If the valve is de-energized, it remains in the “Open” position. A normally open valve’s most common application is in safety applications where there is a loss of power when the process runs out.

Universal Valves

According to the way the valve is piped, it can either be Normally Closed or Normally Open. This is most common in 3- and 4-way valves since any port of the valve can be put under pressure. A 3-way valve, for example, would have supply ports, exhaust ports, and delivery ports. It provides flexibility in application and allows you to customize it however you see fit.

Solenoid Valve Uses

Solenoids are used in fluid power pneumatic and hydraulic systems, to control cylinders, motors, and larger industrial valves. A solenoid valve with an automatic controller is also used in automatic irrigation sprinkler systems. To control water flow into washing machines and dishwashers, solenoid valves are used. They are also commonly used in paintball guns for actuating the CO2 hammer valve. Solenoids are often referred to as solenoid valves.

There is no end to the applications of solenoid valves in the industry, including general on-off control, calibration and test stands, process control loops, and a variety of OEM applications.

How to choose an AC or DC solenoid valve coil

Essentially, DC solenoids work by allowing magnetic force generated by the solenoid to overcome spring resistance and move the armature toward the coil’s center, or by de-energizing the solenoid and allowing its spring force to return it to its starting position.

AC solenoids have a slightly more complex theory of operation. We can approximate AC current using a sinusoidal waveform. The result is that twice per period, the current has a zero-crossing, meaning the current flowing through the coil is equal to zero at that time.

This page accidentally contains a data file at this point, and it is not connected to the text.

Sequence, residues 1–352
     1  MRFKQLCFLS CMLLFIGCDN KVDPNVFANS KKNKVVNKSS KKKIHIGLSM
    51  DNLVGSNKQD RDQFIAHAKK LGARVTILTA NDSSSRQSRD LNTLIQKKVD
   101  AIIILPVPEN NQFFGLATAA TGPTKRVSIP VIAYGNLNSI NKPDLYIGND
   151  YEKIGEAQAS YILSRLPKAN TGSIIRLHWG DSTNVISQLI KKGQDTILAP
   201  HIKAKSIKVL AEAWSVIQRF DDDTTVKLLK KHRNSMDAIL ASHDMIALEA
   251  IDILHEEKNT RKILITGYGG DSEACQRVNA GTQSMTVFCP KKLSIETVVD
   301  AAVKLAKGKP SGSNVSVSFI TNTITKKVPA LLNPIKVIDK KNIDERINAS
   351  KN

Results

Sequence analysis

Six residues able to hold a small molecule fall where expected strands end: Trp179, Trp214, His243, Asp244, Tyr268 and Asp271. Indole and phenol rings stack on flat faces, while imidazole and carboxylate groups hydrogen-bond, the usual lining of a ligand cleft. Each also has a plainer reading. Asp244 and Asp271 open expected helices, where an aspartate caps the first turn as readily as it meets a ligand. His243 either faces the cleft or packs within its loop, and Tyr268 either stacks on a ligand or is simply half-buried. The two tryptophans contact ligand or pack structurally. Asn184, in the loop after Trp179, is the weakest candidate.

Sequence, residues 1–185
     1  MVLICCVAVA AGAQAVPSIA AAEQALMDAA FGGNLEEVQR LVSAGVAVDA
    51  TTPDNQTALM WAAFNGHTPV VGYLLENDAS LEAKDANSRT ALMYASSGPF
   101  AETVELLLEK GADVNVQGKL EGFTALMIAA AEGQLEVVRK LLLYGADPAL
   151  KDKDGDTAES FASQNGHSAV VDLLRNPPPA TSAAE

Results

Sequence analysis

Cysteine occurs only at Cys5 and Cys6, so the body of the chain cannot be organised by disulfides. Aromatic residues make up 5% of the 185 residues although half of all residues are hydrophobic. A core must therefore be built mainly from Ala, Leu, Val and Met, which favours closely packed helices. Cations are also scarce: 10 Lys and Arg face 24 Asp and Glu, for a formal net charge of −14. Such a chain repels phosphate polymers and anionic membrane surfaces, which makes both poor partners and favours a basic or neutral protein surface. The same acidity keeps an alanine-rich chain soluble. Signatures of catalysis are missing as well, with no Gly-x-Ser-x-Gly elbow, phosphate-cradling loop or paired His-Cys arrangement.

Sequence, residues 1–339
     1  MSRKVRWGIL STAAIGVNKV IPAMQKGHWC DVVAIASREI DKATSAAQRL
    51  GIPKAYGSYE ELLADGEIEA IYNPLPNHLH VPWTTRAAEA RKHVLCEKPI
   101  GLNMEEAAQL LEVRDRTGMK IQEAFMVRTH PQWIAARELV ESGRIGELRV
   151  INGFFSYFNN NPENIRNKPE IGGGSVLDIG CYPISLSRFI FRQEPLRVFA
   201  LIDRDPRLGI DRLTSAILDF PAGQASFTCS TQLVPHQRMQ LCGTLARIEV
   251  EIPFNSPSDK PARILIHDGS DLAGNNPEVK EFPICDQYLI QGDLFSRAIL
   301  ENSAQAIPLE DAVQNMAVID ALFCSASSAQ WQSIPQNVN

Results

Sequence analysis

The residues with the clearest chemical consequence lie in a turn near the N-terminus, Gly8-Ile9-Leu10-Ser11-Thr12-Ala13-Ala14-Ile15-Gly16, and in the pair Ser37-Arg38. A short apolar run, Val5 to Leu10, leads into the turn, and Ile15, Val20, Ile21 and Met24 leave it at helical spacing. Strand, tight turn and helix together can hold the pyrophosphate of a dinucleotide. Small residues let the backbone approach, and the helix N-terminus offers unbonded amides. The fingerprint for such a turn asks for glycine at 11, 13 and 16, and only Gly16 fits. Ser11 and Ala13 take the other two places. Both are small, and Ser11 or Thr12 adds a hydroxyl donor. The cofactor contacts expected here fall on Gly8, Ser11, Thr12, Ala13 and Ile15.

The spring force will overcome the solenoid force for a short period of time, twice per period, because the magnetic force generated by the solenoid is proportional to the current flowing through its coil. This problem manifests as a vibration of the armature, resulting in a humming sound and causing stress on the solenoid valve. The coil around the armature is shielded with a simple conductive ring called a shading ring to avoid this problem. Copper is usually used for this purpose. Shade rings store magnetic field energy and release it with a 90° phase difference.

As the primary coil’s magnetic field decreases towards zero, the shading ring’s magnetic field increases, covering the gap between the amplitudes of magnetic fields during zero crossings and preventing vibrations. Shade rings are built into most solenoid valves that can be used with various coil voltages.

It is possible that the shading ring will be ineffective if dirt accumulates around the armature. One solution is to use an electronic circuit that filters the solenoid current so that there are no zero-crossings. External circuitry can be built on top of the solenoid valve coil, or the circuitry can be embedded into it. Typically, it is implemented using rectifier diodes and a filtering capacitor in a full-wave rectifier topology.

Valve Manufacturer

There are so many solenoid valve manufacturers are present in the valve market. Be careful while selecting an accurate solenoid valve manufacturer who offers a huge range of solenoid valves. The aira Euro automation is one of the well-known and trusted solenoid valve manufacturers and exporters.